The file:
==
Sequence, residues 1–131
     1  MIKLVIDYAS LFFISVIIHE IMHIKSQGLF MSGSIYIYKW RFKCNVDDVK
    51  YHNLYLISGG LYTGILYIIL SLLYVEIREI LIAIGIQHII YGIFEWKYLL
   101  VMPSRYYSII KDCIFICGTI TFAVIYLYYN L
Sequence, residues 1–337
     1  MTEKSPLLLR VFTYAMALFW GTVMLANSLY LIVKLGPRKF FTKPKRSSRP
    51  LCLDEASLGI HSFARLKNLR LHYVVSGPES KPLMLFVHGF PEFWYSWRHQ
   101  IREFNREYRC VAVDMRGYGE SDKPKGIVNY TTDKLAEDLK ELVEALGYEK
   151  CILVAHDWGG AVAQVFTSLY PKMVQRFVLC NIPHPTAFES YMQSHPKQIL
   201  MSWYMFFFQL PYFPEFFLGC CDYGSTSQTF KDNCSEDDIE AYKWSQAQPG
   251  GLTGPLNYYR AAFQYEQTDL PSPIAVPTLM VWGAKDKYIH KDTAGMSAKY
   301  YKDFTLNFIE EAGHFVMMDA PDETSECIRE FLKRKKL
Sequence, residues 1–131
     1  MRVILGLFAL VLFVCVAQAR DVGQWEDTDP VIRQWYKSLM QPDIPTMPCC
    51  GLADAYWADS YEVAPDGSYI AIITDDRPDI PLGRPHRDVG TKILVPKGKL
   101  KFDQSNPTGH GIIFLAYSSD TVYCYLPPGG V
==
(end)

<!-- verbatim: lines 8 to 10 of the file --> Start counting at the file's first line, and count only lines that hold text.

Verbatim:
   101  IREFNREYRC VAVDMRGYGE SDKPKGIVNY TTDKLAEDLK ELVEALGYEK
   151  CILVAHDWGG AVAQVFTSLY PKMVQRFVLC NIPHPTAFES YMQSHPKQIL
   201  MSWYMFFFQL PYFPEFFLGC CDYGSTSQTF KDNCSEDDIE AYKWSQAQPG